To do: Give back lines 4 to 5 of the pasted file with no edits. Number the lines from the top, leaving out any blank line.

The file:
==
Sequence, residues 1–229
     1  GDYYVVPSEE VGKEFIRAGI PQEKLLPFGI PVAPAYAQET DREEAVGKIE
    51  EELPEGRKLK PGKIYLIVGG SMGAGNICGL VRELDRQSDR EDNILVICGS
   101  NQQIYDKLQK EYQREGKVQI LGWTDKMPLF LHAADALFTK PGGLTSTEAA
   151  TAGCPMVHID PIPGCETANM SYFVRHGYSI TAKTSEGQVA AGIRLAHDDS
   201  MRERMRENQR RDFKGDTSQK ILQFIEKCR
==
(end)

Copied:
   101  NQQIYDKLQK EYQREGKVQI LGWTDKMPLF LHAADALFTK PGGLTSTEAA
   151  TAGCPMVHID PIPGCETANM SYFVRHGYSI TAKTSEGQVA AGIRLAHDDS